Why I don’t like your new years resolution

As I drove home this morning it was difficult not to notice the many cyclists on the road. And I don’t just mean around town, there were cyclists miles out from civilization. Seeing it’s the first of the first today, I think I could safely wager that most of these cyclists were at the beginning of their New Year’s resolutions. I think I can also safely wager that most of them won’t last a month.

I’m not big on New Years resolutions. I never make them, haven’t for a very long time. To me, they’re illogical. If I really have something that I want to achieve, why would I wait to start it on a set day? If my goal is important enough to me I’m going to start it when I first decide I’d like to do it. If it’s unimportant enough to be delayed, chances are it’s not important enough for me to follow it through to its completion anyway. I have to laugh when people decide they’re going to give up cigarettes at New Years. How many people could honestly say that they successfully gave up smoking as a New Year’s resolution? Seriously? If you’re thinking that your decision to quit can wait (even an “I’ll give up in two days time”) then you’re not likely to succeed. Sorry.

I remember the day I gave up smoking and drinking. It was a Wednesday, sunny but not hot. The date was 29th November, 1995. I was given the motivation to quit smoking and drinking on this day, and I have never since touched either (other than the odd sip of bubbley at wedding toasts etc). I remember the day well, and I hope I always will. It was the day we buried a friend. His life was cut short and it gave me my first true glimpse of how fleeting life can be. Why make it shorter than it already is?

I admit I was never a heavy smoker or a big drinker, but I don’t believe that matters. If you want to quit, you will. When the desire changes from a whimsical want into a driving need, you’ll never touch your vice again. Some people might know what I’m talking about, others may never understand. New Year’s resolutions are quite akin to the desire to quit a vice. If the resolution is made simply to have a resolution, or as a whimsical and flippant thought, then chances are the desire to follow through just won’t be there. Having said that, I have friends who constantly follow through on their annual goals and see each through to completion. For instance, a friend has recently completed a goal of posting 365 photos on her Facebook site in a year. There wasn’t a picture posted each day, there were a few times that a handful of pics were posted at a time, but none the less she followed through and achieved what she set out to do. Personally, I think the completion of this goal has more to do with the person than the start date – if she had of started on any other day of the year I have confidence that she would have completed her goal. The day for her was merely a memorable line in the sand.

In 2006 I attended a seminar, part of a weekend workshop that took place in Adelaide, South Australia. This particular speaker was the weekend’s motivational guru. He talked of his life journey, quite an incredible tale of a rise to great heights, followed by a fall into the naked and darkest depths of the soul. He spoke of his struggle to regain his life from depression, substances and near suicides. His tale alone was quite miraculous and encouraging, but I’ll remember the finale in much greater colour and detail. As he drew to the close of his speach, he told us that our own minds are the things that stop us achieving our goals. We tell ourselves “I can’t do this”, or “I don’t deserve that”, and other such rubbish. He then proceeded to carry out what was clearly a very heavy and large canvas bag. He unrolled this on the floor into what became a mat approximately three feet wide by about fifteen feet long. It was filled with broken glass and smashed crockery. He then proceeded to take his shoes and socks off, and roll up the legs of his pants. Then, barefoot, he walked the full fifteen feet length through the glass and crockery. He stated that our minds tell us that we can’t do things, that what we see is impossible, yet in most cases all we need to do is take action and have the determination to follow through with what we begin. That day, everybody in that room (over 100 people) walked barefoot across the broken glass. I changed my mind on that day about what I was capable of achieving.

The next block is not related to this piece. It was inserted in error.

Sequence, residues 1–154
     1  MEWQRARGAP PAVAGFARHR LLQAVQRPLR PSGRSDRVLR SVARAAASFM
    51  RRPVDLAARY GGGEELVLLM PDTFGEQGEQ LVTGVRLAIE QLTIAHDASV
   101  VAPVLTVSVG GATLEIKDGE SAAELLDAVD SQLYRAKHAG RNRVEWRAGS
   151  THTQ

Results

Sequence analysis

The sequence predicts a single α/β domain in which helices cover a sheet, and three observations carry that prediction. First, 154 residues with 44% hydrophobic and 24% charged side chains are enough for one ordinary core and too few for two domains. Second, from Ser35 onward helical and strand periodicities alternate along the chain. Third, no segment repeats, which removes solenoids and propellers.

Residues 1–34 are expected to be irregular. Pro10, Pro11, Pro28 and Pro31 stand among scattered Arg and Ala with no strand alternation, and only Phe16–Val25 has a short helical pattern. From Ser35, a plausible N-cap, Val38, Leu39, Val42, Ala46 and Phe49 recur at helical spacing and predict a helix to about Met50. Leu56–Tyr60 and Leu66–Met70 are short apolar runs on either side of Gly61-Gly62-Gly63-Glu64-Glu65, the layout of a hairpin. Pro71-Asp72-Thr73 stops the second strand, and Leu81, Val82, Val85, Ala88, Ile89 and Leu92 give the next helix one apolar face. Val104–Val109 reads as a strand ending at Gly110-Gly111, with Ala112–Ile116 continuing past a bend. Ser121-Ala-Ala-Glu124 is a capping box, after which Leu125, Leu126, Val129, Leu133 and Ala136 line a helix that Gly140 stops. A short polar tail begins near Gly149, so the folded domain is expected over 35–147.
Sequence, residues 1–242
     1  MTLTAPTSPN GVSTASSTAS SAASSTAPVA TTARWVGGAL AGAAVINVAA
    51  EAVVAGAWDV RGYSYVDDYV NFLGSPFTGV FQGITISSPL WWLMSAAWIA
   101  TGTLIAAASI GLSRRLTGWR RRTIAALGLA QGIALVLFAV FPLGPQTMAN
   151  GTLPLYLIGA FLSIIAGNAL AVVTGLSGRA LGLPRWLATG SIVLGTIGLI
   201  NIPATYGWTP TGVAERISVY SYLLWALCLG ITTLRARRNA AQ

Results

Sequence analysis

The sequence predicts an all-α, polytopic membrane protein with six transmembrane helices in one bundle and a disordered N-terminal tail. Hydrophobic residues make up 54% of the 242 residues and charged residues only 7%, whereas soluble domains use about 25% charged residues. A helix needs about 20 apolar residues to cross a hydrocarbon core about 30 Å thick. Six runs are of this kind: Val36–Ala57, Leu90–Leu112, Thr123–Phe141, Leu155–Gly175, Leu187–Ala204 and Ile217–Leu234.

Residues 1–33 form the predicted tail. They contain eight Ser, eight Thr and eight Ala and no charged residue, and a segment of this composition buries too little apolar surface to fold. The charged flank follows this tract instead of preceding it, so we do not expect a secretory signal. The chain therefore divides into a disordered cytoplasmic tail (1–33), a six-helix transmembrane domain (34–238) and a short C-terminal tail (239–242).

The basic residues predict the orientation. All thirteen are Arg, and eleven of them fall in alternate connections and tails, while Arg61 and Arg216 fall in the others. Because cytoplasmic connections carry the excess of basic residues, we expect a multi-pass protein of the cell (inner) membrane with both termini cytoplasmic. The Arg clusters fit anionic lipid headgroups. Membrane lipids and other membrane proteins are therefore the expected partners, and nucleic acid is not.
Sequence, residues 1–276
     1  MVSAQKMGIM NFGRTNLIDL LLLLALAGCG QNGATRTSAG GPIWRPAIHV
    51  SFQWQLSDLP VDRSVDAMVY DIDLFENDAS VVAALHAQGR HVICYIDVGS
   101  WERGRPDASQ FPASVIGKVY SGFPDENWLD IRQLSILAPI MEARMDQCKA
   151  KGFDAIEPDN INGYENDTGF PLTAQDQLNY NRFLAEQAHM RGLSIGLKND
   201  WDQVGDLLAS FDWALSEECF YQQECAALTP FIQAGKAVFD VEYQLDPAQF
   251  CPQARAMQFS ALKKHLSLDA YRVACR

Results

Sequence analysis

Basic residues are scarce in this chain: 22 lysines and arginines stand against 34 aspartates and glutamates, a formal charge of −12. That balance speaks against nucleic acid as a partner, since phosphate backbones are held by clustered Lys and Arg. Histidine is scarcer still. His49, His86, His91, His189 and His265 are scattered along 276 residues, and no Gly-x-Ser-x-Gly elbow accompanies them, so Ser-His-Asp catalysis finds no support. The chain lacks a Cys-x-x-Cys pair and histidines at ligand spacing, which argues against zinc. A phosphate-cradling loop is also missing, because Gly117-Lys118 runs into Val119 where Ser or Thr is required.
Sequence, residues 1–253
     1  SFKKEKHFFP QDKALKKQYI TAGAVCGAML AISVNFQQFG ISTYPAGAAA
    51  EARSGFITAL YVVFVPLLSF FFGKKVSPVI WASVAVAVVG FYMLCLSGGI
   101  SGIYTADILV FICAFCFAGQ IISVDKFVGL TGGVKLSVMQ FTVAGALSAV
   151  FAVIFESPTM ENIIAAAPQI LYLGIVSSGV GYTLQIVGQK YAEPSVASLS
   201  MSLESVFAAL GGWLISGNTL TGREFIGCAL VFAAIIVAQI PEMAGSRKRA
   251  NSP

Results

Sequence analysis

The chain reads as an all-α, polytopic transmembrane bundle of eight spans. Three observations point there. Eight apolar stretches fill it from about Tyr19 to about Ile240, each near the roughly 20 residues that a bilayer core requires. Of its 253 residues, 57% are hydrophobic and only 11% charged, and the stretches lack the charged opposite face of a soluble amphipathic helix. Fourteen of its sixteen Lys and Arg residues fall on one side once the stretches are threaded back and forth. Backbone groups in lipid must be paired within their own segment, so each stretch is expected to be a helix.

My post isn’t to belittle those who have made resolutions today. Moreso, it’s a challenge for them to prove me wrong. Make your resolution important to you, and follow it through. Turn your whimsical goal into a “must”, and follow it to completion.

On a side note, I haven’t posted on here for a while. I’ve had a few things happening in my personal life, both terrific and terrible. The renovation is still progressing albeit a little slower than hoped. Since the last post I’ve had the place reblocked, I reinstalled all of the central heating ducts that were removed for reblocking, removed the flooring in the sunroom, readied the kitchen and bathroom for wall removal, removed balastauding in the loungeroom, put guttering on the garage, puttied and sanded walls ready for painting, removed a toilet, taken the first trailer load of rubbish to the tip… lots of small but necessary jobs.
The below photo is a before and after shot taken inside the bathroom. Yes, it’s the same vantage point. The bathroom walls are about to be removed and the pokey little bathroom and separate toilet are to become a decent sized room.

My focus of late hasn’t entirely been on the house though – I’ve been reminded that there are things far more important than renovating. My own empty goals have been given fresh life and reason. Despite what the Mayans thought, I think 2012 is going to be a great year…

Jan 1st, 2012 | Posted in Life

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